Support climate change legislation
For starters, I am most appreciative to our Congressman, Collin Peterson, for having supported HR 2454, the bill "to create clean energy jobs, achieve energy independence, reduce global warming pollution and transition to a clean energy economy." Thank you!
That bill, in a few different forms, is now in the U. S. Senate, and may I express my wish that those in our community and across our country watch its progress, and contact our senators to urge helping it along to the passage of a strong climate change bill.
In August 2008, I was present to hear T. Boone Pickens, the oil tycoon, in Fargo. If we took no other information from his talk, he asked us to remember this: the U.S. is spending over $700 billion a year on oil. He said we could not afford that ongoing expense.
In USA Today on October 22, 2009, an article by Desmond Tutu predicted next must be a united global effort to turn the tide of climate change. Many scientists, he wrote, agree that 350 parts per million of heat-trapping gas carbon dioxide in the atmosphere is the most we can have without causing climate havoc. That number is already 390 parts per million, which implies we need swifter political action than we have had up to this time.
The UN Climate Conference will be December in Copenhagen. As usual, the world looks to the United States as leader. Congress needs to act extremely expeditiously. Urge your senators to work speedily toward finalizing a bill.
Making the case to individuals to reclaim the health of our planet is difficult indeed. We have busy lives. By the time the day is over, so are we! We need moments to just renew ourselves! In the process, we don't see the big picture: the logging, the building, the bulldozing, the turfgrass, the sea of plastic trash, the manure, the plowing, the fertilizing, the sea of car impact land. If, by chance, we do catch a glimpse, we rarely relate it to our little postage stamp of property. It's the group effect that impacts our planet's health and from an individual's standpoint, we don't see it.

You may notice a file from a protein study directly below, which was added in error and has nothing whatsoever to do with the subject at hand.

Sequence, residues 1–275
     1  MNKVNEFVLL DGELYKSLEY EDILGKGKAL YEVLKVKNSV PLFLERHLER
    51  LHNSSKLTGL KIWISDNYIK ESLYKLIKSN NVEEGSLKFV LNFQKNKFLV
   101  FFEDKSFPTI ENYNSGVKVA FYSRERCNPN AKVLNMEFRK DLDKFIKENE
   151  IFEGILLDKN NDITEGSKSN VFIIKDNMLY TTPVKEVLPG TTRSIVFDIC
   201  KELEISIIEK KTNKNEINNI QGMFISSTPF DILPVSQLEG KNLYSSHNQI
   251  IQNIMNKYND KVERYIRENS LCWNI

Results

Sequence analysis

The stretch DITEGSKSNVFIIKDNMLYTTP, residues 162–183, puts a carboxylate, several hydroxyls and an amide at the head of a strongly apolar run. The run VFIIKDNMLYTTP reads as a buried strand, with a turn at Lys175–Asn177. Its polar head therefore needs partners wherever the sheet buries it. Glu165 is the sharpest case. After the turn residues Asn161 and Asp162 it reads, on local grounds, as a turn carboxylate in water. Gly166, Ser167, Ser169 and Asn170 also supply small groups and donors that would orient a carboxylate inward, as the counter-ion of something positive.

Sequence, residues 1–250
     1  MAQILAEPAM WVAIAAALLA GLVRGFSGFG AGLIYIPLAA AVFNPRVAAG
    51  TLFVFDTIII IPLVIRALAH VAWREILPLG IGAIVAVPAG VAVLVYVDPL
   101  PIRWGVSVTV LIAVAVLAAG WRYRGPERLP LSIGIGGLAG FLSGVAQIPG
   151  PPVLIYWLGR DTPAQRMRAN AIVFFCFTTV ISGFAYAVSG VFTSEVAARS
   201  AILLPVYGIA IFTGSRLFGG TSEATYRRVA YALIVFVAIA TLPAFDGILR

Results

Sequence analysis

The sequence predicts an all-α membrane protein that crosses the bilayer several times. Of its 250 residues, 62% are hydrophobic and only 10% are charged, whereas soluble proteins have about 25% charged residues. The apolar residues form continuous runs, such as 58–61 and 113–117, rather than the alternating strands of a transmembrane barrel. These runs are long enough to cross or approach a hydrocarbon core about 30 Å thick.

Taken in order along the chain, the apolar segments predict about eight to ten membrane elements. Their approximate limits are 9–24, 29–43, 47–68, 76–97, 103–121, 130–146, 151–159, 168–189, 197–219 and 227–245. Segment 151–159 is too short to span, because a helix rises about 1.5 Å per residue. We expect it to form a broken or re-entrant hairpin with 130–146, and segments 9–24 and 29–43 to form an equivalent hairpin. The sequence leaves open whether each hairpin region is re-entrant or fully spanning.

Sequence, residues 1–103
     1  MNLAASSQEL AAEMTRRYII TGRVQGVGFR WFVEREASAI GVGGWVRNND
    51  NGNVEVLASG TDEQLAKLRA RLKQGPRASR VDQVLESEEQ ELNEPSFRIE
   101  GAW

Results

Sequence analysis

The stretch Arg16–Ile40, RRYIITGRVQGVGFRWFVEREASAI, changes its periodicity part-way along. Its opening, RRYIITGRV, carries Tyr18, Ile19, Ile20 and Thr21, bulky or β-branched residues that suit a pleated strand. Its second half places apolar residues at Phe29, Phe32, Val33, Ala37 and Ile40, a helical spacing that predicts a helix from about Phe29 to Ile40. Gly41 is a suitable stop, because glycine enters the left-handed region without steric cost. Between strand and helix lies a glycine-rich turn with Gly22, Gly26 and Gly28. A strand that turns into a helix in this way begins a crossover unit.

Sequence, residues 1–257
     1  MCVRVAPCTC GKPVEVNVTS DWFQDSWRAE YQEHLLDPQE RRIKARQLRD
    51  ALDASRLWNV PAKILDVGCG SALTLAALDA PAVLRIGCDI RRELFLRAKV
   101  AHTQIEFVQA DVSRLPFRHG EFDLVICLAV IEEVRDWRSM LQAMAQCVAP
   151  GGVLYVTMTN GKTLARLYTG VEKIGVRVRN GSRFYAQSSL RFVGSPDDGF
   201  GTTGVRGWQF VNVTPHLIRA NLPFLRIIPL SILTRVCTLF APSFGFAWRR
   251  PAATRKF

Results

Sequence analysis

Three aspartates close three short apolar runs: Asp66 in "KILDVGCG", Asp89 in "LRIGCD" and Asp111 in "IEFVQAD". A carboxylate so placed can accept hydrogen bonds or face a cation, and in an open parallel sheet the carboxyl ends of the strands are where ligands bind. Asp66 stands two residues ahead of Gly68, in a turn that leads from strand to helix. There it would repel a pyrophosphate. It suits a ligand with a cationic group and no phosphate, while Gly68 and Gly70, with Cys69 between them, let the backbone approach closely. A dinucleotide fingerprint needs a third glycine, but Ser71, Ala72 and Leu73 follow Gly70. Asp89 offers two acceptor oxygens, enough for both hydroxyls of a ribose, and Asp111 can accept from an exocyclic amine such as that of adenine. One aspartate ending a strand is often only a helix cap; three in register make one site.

Look at the Red River Valley. One gentleman I heard speak told of growing up in Ohio, but determining to become a soil scientist in this area because the Red River Valley had some of the richest soil in the world. Look at how much can now be classified as a car impact zone with the usual entrapments, not to mention overworked soil and poor stewardship of the land.
I have a dear cousin who lives near Chesapeake Bay. The family has a lovely home in a cul de sac area. All of the homes, of course, are surrounded by turfgrass. My cousin and his wife both work in downtown Washington, D.C. They are busy people, with long commutes, and plenty of pressure on their jobs.
A speaker from the Chesapeake Bay Watershed spoke of its serious nutrient overload. (He was a presenter this September at the Land Conservation and Clean Water Summit at Minnesota's Landscape Arboretum.) My cousin's comment was, "They are not doing enough to clean up Chesapeake Bay." Yet, as one listened to this speaker, a major problem was the non-point pollution over wide areas of land -- land with primarily turfgrass and car impact zones. Fertilizers and runoff from nonpoint areas are difficult to measure. Our collective carbon footprint is harsh and destructive; we don't associate what we are doing on our property with water or land miles away. Our lifestyles keep us in denial.
Let's leave our progeny the very healthiest earth we can. Support climate change legislation by contacting your senators right now! -- Sally Hausken, Vice President, Izaak Walton League, Detroit Lakes